The Dallas Zoo’s keeper claims he’s been plagued by safety issues for years
A former security officer at the Dallas Zoo claimed that he had been plagued by problems with the pet trade for years and that his security company advised guards not to confront intruders.
The unnamed man worked at the zoo for seven months in 2022, but told NewsNation he quit after being turned away by managers when he raised concerns about the safety of the animals, guests and staff.
He said the zoo had seen numerous repeat intruders during its work, and he suspected one of them was likely responsible for the spate of animal thefts and possible attempts the zoo has been dealing with over the past month.
Four incidents rocked the zoo in January, including the apparently deliberate release of a leopard, an attempted break-in into a monkey enclosure, the “suspicious” death of a buzzard and the theft of two tamarin monkeys, which were later discovered in the closet of an abandoned house nearby of the zoo.
Police released a photo of a man walking through the zoo eating a bag of Doritos, whom they want to identify and speak to about the incident. Dallas PD told DailyMail.com the man was not named as a suspect or a person of interest.
Police are investigating after two emperor monkeys were “deliberately” taken from their enclosure
The former security guard told NewsNation he wasn’t surprised when he heard about the security breaches at the Dallas Zoo.
“That upsets me quite a bit. Because you’re hired as security to protect this property and any creature there – human or animal,” he said.
“And the Dallas Zoo is a huge black market gold mine. Has always been.’
The man provided no concrete examples to back up his claims about the pet trade at the zoo.
Dallas PD told DailyMail.com there is no record of any animals being stolen from the zoo in recent years. The zoo was not responding to requests for comment at the time of publication.
Nonetheless, the former employee said the security firm was to blame for leaving the zoo vulnerable to theft and pointed to ten locations he described as vulnerable zoo entry points.
“Something has to be done and I’m not going to sit by and let this big security company get away with this stuff while animals and people are ultimately hurt.”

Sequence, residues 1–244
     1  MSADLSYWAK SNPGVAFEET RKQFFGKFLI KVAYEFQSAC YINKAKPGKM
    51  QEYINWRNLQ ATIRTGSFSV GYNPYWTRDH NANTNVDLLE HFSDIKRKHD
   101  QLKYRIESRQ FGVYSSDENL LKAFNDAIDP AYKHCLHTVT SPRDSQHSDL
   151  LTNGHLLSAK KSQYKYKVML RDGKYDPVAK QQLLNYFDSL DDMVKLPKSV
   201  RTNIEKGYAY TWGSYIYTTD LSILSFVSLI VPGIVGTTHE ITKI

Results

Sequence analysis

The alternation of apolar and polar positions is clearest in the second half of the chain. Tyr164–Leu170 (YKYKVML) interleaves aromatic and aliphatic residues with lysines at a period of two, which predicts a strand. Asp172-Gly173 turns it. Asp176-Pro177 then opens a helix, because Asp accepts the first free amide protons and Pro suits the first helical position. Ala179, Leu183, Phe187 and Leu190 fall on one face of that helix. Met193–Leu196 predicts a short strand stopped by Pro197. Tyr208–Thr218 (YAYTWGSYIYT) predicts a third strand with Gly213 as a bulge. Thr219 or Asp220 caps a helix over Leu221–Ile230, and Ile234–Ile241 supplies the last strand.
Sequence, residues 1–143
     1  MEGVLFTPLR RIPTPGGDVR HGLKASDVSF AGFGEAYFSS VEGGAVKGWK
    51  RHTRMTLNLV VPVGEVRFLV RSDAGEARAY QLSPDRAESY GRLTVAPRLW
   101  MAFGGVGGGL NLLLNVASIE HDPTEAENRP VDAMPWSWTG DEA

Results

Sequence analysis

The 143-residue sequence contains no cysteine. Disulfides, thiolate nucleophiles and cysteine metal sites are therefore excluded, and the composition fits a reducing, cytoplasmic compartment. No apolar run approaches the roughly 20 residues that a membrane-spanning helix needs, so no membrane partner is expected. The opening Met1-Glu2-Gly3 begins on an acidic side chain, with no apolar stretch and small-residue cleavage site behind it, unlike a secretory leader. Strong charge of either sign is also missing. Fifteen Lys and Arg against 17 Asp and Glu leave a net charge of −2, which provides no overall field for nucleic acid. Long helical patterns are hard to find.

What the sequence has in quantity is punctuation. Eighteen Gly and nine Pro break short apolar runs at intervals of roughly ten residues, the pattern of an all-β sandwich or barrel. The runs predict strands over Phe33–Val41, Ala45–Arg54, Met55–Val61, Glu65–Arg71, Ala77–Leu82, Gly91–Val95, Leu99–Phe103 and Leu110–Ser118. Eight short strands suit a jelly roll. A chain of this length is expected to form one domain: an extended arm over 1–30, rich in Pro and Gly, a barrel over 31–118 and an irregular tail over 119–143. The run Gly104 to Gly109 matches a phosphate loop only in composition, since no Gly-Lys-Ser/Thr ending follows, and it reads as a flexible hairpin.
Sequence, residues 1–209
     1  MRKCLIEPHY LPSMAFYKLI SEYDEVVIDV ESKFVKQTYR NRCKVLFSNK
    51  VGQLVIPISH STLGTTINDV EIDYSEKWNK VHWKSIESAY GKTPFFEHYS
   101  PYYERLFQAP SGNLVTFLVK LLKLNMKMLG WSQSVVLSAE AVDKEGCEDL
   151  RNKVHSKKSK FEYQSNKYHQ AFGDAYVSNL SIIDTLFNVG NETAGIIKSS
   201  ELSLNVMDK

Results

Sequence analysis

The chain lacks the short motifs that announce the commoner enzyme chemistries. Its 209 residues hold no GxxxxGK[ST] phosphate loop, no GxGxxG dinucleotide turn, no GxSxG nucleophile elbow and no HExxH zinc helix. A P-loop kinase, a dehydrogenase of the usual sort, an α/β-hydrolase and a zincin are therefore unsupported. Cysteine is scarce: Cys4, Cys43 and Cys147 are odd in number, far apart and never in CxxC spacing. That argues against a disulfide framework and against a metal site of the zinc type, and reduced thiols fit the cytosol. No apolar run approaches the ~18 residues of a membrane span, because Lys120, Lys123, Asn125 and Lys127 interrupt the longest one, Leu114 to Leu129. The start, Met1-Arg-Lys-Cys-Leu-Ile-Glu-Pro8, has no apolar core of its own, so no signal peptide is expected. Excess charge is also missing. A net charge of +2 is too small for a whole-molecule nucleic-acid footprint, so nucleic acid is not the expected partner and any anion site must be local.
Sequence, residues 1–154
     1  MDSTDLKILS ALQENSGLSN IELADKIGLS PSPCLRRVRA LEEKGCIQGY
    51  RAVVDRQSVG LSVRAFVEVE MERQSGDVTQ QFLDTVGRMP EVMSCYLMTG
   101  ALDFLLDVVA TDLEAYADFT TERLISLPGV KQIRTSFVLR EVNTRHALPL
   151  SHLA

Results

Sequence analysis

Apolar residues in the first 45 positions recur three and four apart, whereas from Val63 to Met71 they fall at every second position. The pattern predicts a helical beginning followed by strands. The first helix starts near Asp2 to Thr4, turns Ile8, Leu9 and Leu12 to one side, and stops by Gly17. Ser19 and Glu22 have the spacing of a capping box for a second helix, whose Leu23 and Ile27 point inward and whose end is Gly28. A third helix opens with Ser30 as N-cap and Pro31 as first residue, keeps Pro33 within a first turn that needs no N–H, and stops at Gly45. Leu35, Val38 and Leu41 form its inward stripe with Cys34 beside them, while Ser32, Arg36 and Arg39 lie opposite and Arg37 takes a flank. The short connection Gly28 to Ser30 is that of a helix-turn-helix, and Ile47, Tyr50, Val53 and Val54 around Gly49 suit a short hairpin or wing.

The unnamed man worked at the zoo for seven months in 2022 but says he quit after being turned away by managers raising concerns about the safety of the animals, guests and staff.
A search for the missing clouded leopard Nova (pictured) closed the Dallas Zoo on January 13 as police helped locate the animal
On January 21, a 35-year-old endangered vulture named Pin was found dead, with the zoo issuing a statement saying his death did not appear to be “natural”.
The man declined to clarify whether or not he believed the recent incidents could be an inside job.
“From what I’ve read, someone has failed to prevent this stuff.” he said.
“The people who are hired to prevent this stuff are failing at their job and it’s ultimately about safety.”
The zoo’s outside safety advisor – Gardaworld – did not respond to requests from DailyMail.com for comment.
“I hope the zoo will be safe again because this is a place people should appreciate for years to come,” said the former employee.
Dallas police are searching for this man who is believed to have been in the area when two monkeys were stolen from the zoo on Sunday
Yesterday, the Dallas PD followed an anonymous lead to an abandoned house south of the zoo in Lancaster, Texas, and discovered the missing emperor monkeys alive in a closet. They were safely returned to the zoo.
Zoo officials confirmed that the monkey’s enclosure appeared to have been broken into with a cutting tool.
Just days earlier, a similar cut was found on the enclosure for the zoo’s langur monkeys, and on January 13 the zoo was closed while staff searched for a clouded leopard that appeared to have escaped through an artificial opening. The leopard was eventually found at the zoo near its enclosure.
And on January 21, a 35-year-old endangered vulture named Pin was found dead, with the zoo issuing a statement saying his death did not appear to be “natural”.
The zoo’s president and CEO, Gregg Hudson, said the vulture suffered “a wound” and the “circumstances of death were unusual.”
The Dallas Police Department was alerted again, with the zoo admitting it had contacted authorities about “recent incidents.”
Police were called again to the Dallas Zoo scene Monday to investigate the disappearance of the two emperor monkeys
Police cars are pictured outside the Dallas Zoo as workers searched for the missing cloud leopard earlier this month
Ed Hansen, executive director of the American Association of Zoo Keepers, said he couldn’t remember a zoo that has faced similar incidents so frequently.
“Apparently someone really has a problem with the Dallas Zoo,” Hansen said.
Hansen, who described the Dallas Zoo’s reputation within the industry as “excellent,” said accredited zoos have double fencing and that a zoo as large as Dallas would have a security patrol.
But animals have escaped from exhibits at the Dallas Zoo before.
Most notably, in 2004, a 340-pound gorilla named Jabari jumped over a wall and went on a 40-minute rampage, injuring three people before police shot the animal.
https://www.dailymail.co.uk/news/article-11701809/Dallas-Zoo-guard-claims-plagued-security-issues-years.html?ns_mchannel=rss&ns_campaign=1490&ito=1490 The Dallas Zoo’s keeper claims he’s been plagued by safety issues for years